Door numbering. Another aspect of emergency planning that many schools are adopting is a door numbering system. Ellis explains that this entails labeling exit doors with numbers in an orderly manner, such as numbering them clockwise, so that if there is an emergency and outside help has to get in, they know which door is which.
Additionally, Ellis, Weicker, and others are providing floor plans with door numbering and CD-Roms with school information on them to first responders in the area. This is an example of a simple and inexpensive measure that can make a big difference in an emergency.
Incident command. Pochowski and others point to the National Incident Management System (NIMS) as having assisted in preparing schools to deal with various potential hazards and incidents.
Watson says “schools that take the time to train a few of their key people” in understanding the NIMS and ICS [incident command system] will be much further ahead, because now they’re working on the same playing field with the police and the fire. All the first responders are on the same page.”
NIMS compliance is also tied to various types of security funding for schools.
Experts stress the importance of cultivating community relationships. Watson suggests having memoranda of understanding (MOUs) with various organizations, such as an agreement with a hospital that the school will be sending injured people there in case of an incident. She says that having MOUs can be helpful in the planning process so that schools know where to turn in an emergency situation.
Weicker is cochair of the Allen County School Safety Commission, a much-praised organization that helps public and private schools work with law enforcement and first-responder agencies. He says his schools split the cost of the school resource officers with the town police departments. He is able to do that because he has community buy-in and partnerships, which are often required for schools to get the support they need.
Weicker also points out that schools that cannot afford consultants can go to the community for experts, such as fire department officials, who will be willing to provide advice free of charge.
Community task forces can also be a way to diffuse tensions after an incident. Charles McCrary, a security consultant who was the security director of St. Louis Public Schools when they had a series of violent incidents, said that forming a task force with the community at that time brought school and community together.
Budgets are continuing to be cut this year due to state economic problems, and many grants that were once solely dedicated to school security are shifting and changing. The funding issues are causing districts to lose school resource officers who liaise with students and offer them a convenient way to report crimes or concerns about suspicious behavior.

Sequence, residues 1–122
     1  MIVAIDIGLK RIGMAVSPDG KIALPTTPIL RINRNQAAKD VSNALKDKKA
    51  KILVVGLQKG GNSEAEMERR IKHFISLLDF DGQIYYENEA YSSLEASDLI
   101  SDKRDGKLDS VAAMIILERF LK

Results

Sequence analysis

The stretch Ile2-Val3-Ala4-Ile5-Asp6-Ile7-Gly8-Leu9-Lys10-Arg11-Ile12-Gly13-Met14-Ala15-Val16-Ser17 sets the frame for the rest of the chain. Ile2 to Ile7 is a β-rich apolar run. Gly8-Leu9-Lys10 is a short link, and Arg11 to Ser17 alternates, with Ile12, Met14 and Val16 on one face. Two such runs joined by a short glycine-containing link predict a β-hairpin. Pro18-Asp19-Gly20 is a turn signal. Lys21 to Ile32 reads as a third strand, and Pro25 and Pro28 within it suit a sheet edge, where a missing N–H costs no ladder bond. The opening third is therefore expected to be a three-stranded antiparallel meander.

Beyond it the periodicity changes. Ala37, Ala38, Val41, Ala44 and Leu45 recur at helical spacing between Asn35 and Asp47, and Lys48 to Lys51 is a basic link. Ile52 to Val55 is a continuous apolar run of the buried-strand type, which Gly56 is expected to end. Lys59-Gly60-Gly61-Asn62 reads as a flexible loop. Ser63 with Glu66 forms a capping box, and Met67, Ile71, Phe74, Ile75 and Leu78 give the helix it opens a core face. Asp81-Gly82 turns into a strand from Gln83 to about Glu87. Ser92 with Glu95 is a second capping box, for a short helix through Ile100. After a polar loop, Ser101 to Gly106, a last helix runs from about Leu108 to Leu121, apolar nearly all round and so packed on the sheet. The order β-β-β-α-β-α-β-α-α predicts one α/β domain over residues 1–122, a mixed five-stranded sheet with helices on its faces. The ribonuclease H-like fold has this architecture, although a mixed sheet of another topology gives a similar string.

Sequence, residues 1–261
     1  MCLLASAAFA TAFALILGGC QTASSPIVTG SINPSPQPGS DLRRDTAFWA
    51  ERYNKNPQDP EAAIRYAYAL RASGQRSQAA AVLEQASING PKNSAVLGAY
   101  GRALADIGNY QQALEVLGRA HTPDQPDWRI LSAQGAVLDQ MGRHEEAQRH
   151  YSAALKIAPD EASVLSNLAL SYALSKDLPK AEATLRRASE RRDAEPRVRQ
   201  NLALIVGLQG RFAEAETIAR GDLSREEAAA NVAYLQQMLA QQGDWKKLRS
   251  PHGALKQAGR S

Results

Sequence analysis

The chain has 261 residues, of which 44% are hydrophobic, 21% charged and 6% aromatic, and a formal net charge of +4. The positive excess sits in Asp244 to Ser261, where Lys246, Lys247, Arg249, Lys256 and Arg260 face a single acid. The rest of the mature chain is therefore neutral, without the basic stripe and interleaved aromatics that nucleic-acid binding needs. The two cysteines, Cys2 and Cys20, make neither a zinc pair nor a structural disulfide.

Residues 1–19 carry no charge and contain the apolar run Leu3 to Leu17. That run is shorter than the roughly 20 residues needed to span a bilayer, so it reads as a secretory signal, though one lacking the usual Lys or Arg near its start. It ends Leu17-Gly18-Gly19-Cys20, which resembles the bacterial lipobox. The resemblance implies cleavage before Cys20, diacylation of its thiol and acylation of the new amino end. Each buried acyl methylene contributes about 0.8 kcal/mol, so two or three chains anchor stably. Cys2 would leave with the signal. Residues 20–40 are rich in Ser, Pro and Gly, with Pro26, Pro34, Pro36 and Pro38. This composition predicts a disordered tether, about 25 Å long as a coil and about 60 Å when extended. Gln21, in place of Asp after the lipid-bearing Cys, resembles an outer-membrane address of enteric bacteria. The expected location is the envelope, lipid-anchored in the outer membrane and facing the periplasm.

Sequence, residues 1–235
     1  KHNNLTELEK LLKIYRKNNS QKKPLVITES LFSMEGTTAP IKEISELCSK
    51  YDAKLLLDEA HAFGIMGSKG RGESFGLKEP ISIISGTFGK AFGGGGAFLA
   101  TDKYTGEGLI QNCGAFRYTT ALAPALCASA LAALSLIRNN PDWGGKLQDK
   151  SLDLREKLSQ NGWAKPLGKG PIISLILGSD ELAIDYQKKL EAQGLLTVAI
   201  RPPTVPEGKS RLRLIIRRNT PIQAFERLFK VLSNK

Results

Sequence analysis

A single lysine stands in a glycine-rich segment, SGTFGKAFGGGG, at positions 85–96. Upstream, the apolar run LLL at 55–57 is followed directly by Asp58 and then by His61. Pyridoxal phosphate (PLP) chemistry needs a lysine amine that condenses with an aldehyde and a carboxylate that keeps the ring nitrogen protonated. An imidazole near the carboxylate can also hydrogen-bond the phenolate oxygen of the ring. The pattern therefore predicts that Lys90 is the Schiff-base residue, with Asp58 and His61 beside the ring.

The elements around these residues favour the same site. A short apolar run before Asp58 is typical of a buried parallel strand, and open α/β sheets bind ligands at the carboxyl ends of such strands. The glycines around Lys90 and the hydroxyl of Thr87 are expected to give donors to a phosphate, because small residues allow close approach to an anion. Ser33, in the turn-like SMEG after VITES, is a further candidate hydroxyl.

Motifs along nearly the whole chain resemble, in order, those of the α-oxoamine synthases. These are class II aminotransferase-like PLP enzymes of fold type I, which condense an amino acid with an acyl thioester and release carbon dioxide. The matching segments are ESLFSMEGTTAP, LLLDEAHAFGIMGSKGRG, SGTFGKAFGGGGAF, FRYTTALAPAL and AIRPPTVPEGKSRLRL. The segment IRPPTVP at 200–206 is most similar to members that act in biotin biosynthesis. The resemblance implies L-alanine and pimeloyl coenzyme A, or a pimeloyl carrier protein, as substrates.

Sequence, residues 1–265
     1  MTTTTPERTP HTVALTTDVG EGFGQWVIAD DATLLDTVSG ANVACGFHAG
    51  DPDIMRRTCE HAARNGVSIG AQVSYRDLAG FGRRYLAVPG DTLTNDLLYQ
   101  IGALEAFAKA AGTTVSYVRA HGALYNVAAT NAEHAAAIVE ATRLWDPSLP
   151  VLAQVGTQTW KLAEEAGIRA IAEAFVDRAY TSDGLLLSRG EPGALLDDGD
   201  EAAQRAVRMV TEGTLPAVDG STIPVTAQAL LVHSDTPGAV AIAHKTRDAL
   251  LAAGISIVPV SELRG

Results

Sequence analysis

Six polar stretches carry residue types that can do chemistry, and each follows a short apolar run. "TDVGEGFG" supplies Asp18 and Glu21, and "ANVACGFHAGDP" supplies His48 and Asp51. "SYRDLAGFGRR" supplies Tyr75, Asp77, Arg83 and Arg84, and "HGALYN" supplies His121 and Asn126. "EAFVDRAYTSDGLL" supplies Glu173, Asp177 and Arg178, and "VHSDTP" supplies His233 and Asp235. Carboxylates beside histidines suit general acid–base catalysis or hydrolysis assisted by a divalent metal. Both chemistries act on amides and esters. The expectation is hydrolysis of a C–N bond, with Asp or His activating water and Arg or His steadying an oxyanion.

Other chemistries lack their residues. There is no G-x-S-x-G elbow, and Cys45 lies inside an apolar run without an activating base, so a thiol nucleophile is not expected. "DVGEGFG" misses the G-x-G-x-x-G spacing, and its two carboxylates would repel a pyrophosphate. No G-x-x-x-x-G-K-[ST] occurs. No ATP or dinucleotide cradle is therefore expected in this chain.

There are still various funding opportunities out there for schools, such as the grant programs from the Department of Education’s Office of Safe and Drug Free Schools. And Weicker warns against placing too much emphasis on money. He cites schools that implemented programs with grant money knowing full well that they wouldn’t be able to continue the programs when the funds were gone as an example of poor planning.
Schools need to figure out what they can control for themselves, rather than waiting for more money, says Weicker. “You can do things cooperatively, and everything doesn’t take bucks…. If you sit back and wait for somebody else to do it or you’re waiting for dollars to do it or if you’re tied into the almighty buck, then nothing gets done. Everybody just whines.”
Some experts think that it will take legislation and regulations to force schools to get better. “Schools have a very short attention span. And outside of their educational practices, they tend to focus on what’s required, and very little else. So, unless there’s a regulation or some requirement, they’re reluctant to do certain things. Especially security related,” says Chris McGoey.
He adds that school officials are aware of the cyclical nature of the public’s attention to school security. “People will do things for awhile, knowing full well that it won’t be followed through on. Or the next time they have a budget issue, which is daily, they’ll do away with the service.”
Under that sad scenario, if an incident occurs, everyone will act surprised, and the cycle of attention to security will begin anew. Unfortunately, the lives lost will not.
Laura Spadanuta is an associate editor at Security Management.
CORRECTION: The original print and online version of this article incorrectly spelled the name of Chris McGoey, CPP, of McGoey Consulting. His name now appears correctly in the text.